Tagan A+ Black Pearl WCR Review (Page 3 of 4)

Page 3 - Physical Look - Inside

Opening the right windowed side panel of the Tagan A+ Black Pearl WCR allows majority access to the inside of the case. Like many high end cases of this segment, it incorporates a dual chamber design to separate the hard drives and power supply from the motherboard and other directly connected hardware. The platform separating the top and bottom chamber has two openings to allow the user to pass cables through. On the platform itself is the case speaker -- I found it odd to be placed there, so I ended up moving it to a place that cannot be seen when looking inside from the case window.

The power supply chamber at the bottom is surprisingly large. Extending the entire height of the bottom chamber, most of the space won't be used in that particular area. Two 80mm fans can be added above the power supply to enhance airflow though, since up to eight hard drives can be placed in the other half of the chamber. The power supply is risen slightly from the bottom with large holes to accommodate power supplies with a bottom mounted 120mm fan.

An aluminum air guide is installed to enhance CPU cooling efficiency. It allows the CPU heatsink's airflow and dissipated heat to be moved easily and more efficiently by air taken in from the rear intake fan. One negative aspect though -- it's really hard to remove, and it's quite challenging to get your motherboard in without removing it.

The motherboard tray at the back is pre-drilled to accommodate eATX, ATX and mATX motherboards; as this is a full tower case. The drilled holes are done cleanly -- a good sign of detail and quality. However, some genius decided that they don't need to be labeled, so good luck placing the risers in. While the motherboard tray is not removable, there's tons of room to work inside, thanks to the fact that it is a full tower case.

A total of front accessible 5.25" drive bays are available on the Tagan A+ Black Pearl WCR, where one can be converted to a front 3.25" drive bay with its included accessory. Only four of the seven drive bays supports tool free installation; all the others still require the use of screws. The same goes with add-on cards -- none of the slots are tool free as well.

As you can see in the photo above, near the top of the case is the locking rail that extends to entire length of the Black Pearl WCR to secure the side panel on. Really convenient, and no removable parts, so no thumbscrews to lose at all.

Since front panel connectors are placed at the front-top of the Tagan A+ Black Pearl WCR, you would have to find a way to get them neatly front the front to the appropriate areas of your motherboard. Hint: It can go behind the motherboard tray. You can lead the back in with the opening you see near the top right corner of the photo above.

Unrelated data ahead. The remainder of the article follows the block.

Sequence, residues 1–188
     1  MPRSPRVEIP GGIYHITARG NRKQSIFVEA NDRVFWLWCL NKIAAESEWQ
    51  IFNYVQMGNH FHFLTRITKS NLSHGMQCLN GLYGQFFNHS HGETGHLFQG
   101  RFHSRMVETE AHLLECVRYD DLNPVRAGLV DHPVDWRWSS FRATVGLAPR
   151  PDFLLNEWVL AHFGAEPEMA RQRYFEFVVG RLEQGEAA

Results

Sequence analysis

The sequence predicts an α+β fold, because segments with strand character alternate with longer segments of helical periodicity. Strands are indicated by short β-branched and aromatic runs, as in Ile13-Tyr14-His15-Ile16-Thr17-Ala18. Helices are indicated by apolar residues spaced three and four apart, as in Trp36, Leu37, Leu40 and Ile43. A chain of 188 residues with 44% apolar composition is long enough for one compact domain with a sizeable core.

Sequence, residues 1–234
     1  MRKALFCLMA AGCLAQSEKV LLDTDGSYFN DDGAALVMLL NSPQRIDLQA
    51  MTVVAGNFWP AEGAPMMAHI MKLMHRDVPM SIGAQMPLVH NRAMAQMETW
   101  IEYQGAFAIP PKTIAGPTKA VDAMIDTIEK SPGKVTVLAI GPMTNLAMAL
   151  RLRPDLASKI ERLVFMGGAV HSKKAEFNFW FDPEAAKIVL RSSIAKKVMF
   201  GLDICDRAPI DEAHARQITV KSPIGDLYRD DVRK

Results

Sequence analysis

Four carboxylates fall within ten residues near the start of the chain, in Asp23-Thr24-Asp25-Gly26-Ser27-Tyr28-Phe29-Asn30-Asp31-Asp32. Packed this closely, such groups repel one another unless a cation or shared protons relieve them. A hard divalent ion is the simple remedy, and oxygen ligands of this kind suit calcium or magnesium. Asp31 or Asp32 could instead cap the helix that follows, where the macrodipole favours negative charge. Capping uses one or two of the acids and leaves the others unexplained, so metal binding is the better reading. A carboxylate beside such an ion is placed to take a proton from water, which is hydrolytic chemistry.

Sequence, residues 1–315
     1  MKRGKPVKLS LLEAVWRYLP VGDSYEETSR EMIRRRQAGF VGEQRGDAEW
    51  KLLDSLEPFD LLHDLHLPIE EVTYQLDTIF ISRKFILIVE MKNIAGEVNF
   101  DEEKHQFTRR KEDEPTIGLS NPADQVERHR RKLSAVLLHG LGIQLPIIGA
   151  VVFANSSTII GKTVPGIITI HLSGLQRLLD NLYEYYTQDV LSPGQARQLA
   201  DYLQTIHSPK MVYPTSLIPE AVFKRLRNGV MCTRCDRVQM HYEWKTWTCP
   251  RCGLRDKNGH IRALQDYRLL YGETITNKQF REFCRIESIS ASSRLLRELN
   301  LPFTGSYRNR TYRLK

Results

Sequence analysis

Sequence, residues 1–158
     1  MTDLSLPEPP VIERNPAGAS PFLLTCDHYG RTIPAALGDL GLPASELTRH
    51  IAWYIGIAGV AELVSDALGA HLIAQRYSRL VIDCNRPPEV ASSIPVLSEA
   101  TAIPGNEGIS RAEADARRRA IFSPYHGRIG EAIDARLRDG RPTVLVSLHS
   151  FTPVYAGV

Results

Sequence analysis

The front portion of the bottom chamber contains two hard drive cages; each able to accommodate up to four drives for a total of eight. Hard drives are to be placed horizontal in relation to the chassis. Vibrational dampeners can be installed to reduce vibrational noise. It's not tool free, but the cage attachment to the case is, thanks to the thumbscrew. A thin panel separates this half of the bottom chamber with the power supply area, with tons of openings to allow air and cables to easily go through.

The fan controller board is placed above the front 120mm intake fan (Yes, it's a 120mm fan, I know it looks small in the picture). It takes the temperature data from the included sensor and displays it to the case's screen in front; additionally it can also read and control fan speed. This fan controller can support up to three fans with its 3-pin connector, and all fans are supplied the same voltage.

The back of the Tagan A+ Black Pearl WCR. Again, it features the rail side panel locking system for maximum convenience in this regard.

I have a major complaint in this area though -- there are not enough openings on the motherboard tray, and not large enough of a gap between the chamber separating piece and side panel. As most cabling enthusiasts would love to wire cables through this area, I found myself having a hard time accomplishing this -- not to mention that due to the lack of openings in this area, I was forced to run thick and limited length cables such as the motherboard 24-pin ATX connector through the middle in front. It's ugly, you know?

Page Index
1. Introduction, Packaging
2. Physical Look - Outside
3. Physical Look - Inside
4. Installation and Conclusion